For foreign businesses whose trademarks have been the subject of pre-emptive registration in China, it is not uncommon to receive warning letters or even infringement claims from local registered trademark rights holders. This type of situation can be difficult to navigate as an infringement claim against use of an identical or closely identical mark will normally be upheld by Chinese courts or enforcement authorities simply on the basis of the Registration Certificate held by the claimant. The genuine trademark owner could then face an injunction and paying significant damages to the local registered rights holder.
The genuine brand owner could be coerced ino acceding to an onerous settlement arrangement to avoid facing liability for trademark infringement. However, there is the option to apply to invalidate the pre-emptive registration and so contest and hopefully undermine the basis for any infringement claim, particularly if the registered mark is a blatant imitation of the foreign party’s brand.
M&C recently acted for a European kitchen cabinet maker facing this situation. Its mark ARREDO 3 had been pre-emptively registered by a local Chinese furniture manufacturer. In that case, the Beijing Higher People’s Court has recently issued a judgement supporting the CNIPA decision to invalidate the Chinese company’s pre-emptive registration. As a result, our client successfully fended off the hostile infringement lawsuit, and other nationwide enforcement actions raised by the Chinese company against the client’s Chinese distributors.
Arredo 3 S.r.L. is an Italian kitchen cabinet manufacturer. Its ARREDO 3 trademark has been widely used and promoted since its creation in 1984. ARREDO 3 branded cabinets have been exported to China since 2005 and are supplied via a local distributorship network across more than 20 Chinese cities.
The Italian company registered its mark in Italy in 1996, but did not apply to register the mark in China until 2013.
Instead, Ai Le Duo (Suzhou) Homeware Co., Ltd., a Chinese furniture manufacturer based in Suzhou, had registered rights in the mark “爱乐多 ARREDO” (Chinese characters are a transliteration of the name Arredo) under no. 12625110.
In June 2018, two local distributors of genuine ARREDO 3 products attended a trade fair in Shanghai. Lawyers acting for the Chinese company issued demand letters to both distributors asserting infringement of its registered rights in the mark “爱乐多 ARREDO” and requiring that the distributors cease use of the infringing mark. The Chinese owner of the registration had similar demand letters to other distributors of ARREDO 3 products in China and also sent warning letters to the distributors’ landlords asking that they terminate leases on the distributors’ business premises. The Chinese company also initiated multiple administrative complaints against distributors of ARREDO 3 cabinets in various cities.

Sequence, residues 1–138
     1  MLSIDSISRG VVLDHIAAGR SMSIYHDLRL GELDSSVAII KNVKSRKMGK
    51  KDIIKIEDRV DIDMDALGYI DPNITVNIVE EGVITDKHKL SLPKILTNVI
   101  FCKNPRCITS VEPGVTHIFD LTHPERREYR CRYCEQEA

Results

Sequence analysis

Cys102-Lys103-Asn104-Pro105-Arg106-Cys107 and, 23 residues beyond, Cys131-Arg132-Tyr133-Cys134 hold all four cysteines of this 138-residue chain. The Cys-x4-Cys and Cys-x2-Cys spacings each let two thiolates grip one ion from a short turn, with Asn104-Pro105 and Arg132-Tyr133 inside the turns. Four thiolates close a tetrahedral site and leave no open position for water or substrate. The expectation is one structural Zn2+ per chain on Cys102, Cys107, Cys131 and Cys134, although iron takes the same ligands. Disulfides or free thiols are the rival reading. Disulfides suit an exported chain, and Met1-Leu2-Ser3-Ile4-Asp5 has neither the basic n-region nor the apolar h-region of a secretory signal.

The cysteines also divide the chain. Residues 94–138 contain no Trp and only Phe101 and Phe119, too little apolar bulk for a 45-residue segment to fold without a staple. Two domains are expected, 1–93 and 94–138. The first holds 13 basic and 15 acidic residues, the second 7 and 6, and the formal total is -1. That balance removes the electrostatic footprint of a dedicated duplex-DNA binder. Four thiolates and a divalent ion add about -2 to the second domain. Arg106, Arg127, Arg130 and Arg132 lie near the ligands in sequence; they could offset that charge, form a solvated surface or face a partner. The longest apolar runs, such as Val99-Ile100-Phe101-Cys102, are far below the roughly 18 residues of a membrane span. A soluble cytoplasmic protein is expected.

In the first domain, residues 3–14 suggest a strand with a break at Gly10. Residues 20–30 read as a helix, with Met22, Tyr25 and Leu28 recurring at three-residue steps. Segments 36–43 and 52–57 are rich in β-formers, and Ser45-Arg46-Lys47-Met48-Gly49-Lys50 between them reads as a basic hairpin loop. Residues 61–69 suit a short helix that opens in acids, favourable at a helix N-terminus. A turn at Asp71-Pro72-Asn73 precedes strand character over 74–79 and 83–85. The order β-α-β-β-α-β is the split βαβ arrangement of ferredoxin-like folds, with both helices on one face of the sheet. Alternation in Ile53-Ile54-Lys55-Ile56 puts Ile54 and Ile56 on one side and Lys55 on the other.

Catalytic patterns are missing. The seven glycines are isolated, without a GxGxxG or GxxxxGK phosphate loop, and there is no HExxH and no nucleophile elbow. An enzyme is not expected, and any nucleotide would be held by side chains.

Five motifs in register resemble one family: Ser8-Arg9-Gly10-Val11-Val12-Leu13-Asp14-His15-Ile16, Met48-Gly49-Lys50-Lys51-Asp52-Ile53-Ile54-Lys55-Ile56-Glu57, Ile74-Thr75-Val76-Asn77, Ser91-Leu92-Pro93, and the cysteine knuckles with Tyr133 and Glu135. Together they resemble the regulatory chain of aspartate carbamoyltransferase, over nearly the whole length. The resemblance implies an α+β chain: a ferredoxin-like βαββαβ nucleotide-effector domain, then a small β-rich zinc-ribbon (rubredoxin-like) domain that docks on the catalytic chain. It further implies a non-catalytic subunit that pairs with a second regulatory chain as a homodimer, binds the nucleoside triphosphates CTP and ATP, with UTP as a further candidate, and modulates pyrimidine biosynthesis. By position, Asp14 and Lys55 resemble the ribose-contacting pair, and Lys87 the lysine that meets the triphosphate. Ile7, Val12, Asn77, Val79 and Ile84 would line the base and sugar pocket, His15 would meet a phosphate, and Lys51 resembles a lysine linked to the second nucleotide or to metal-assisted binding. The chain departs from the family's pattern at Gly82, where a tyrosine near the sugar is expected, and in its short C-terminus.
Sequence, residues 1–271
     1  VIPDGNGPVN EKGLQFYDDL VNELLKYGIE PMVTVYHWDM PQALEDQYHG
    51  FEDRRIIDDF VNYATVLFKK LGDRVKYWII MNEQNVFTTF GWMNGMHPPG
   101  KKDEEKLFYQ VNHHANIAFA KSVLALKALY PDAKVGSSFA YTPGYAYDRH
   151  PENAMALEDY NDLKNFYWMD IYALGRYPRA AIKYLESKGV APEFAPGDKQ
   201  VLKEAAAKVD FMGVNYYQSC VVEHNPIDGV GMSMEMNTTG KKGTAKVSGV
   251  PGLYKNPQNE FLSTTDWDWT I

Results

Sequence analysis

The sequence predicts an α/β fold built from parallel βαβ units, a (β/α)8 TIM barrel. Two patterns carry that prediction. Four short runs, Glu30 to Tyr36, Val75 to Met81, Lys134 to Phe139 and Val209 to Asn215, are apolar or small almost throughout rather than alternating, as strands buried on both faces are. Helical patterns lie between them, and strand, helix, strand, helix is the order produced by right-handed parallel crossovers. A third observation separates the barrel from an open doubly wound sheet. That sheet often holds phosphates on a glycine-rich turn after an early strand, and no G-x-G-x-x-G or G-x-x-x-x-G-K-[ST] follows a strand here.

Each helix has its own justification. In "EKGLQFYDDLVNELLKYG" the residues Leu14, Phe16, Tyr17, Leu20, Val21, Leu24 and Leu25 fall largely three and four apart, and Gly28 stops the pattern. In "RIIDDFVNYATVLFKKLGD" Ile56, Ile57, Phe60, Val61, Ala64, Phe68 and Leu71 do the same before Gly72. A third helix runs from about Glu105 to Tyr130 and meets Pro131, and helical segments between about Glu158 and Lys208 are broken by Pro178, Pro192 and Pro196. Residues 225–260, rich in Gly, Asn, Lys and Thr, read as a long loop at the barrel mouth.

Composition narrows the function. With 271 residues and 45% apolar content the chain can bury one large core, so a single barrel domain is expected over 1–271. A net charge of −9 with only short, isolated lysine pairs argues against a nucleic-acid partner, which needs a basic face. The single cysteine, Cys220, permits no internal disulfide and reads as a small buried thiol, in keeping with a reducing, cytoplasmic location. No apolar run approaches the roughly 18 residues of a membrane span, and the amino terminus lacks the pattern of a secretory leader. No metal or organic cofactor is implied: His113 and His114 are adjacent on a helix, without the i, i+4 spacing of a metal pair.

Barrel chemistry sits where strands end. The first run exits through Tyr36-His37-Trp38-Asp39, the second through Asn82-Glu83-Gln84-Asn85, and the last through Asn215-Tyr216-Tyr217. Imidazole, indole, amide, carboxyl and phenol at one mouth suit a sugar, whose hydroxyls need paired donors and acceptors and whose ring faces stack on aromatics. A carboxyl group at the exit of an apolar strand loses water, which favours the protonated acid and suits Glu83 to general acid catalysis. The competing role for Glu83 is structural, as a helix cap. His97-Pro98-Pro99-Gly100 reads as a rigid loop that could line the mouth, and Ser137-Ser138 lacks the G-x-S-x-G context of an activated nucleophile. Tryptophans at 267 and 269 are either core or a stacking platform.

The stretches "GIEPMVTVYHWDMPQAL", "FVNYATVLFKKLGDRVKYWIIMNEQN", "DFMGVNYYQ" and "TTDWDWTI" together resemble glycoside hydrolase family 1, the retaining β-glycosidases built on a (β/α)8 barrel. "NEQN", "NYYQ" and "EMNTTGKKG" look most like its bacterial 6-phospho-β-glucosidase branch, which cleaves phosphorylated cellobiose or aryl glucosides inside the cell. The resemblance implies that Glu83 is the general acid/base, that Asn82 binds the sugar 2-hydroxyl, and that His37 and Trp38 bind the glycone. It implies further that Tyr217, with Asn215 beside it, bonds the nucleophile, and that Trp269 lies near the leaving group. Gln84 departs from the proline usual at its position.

In April 2019, the Chinese owner of the registration filed a trademark infringement lawsuit against one of the Italian company’s local distributors.
Invalidation Action and Related Defensive Actions
To counter the aggressive position of the Chinese registered rights holder, M&C applied on behalf of the Italian company to invalidate the trade mark registration no. 12625110 “爱乐多 ARREDO” on the grounds that the disputed mark was a baltant imitation and pre-emption of the client’s name and trademark which has acquired a reputation in China by virtue of use prior to the filing date of the disputed registration. We also asserted bad faith on the part of Suzhou Arredo, who, based on its prior knowledge of the client’s mark, intended to trade unfairly on our client’s established goodwill and reputation in China.
Following the submission of the invalidation action, M&C liaised with local Admnistrations for Market Regulation to suspend the administratived complaints filed by the Chinese pending the outcome of the invalidation action. A similar suspesion request was submitted to Guangzhou IP Court.
Outcome of the Dispute
The CNIPA issued a favourable decision on the invalidation petition in March 2020. The CNIPA decided to partially invalidate the disputed registration on the basis that it was a blatant pre-emption of our client’s mark for the goods “ showcases [furniture]; furniture; dressing table (furniture);  doors for furniture;  door handles, not of metal”. The CNIPA acknowledged that the disputed mark was confusingly similar to the client’s mark which possessed a degree of originality and had established, by virtue of prior use, a significant earlier reputation in for kitchen cabinets and related products in China.
On the basis of the CNIPA invalidation decision, the Guangzhou IP Court dismissed the Chinese company’s infringement claim in October 2020.
The Chinese company appealed the CNIPA invalidation decision to Beijing IP Court. But the Court upheld the invalidation in April 2021. A further appeal was filed to Beijing Higher People’s Court, but in January 2023 the court of second instance affirmed that the grounds of invalidation were justified and shall be maintained.
If a genuine brand owner is facing an extortionate infringement claim from the holder of a pre-emptive registration, evidence showing use of the registered mark by the other party could substantiate the claim and put the claimant in a more advantageous position. Filing an invalidation action in these circumstances may be too late to remedy the situation and a settlement may then be the preferred or only option. However, pushing back against these types of predatory infringement claim by filing an invalidation action always remains an option as few owners of pre-emptive registrations are as persistent as the one in the case described above and many retreat if met by spirited resistance. M&C remains ready to advise if you or your client should encounter similar difficulties.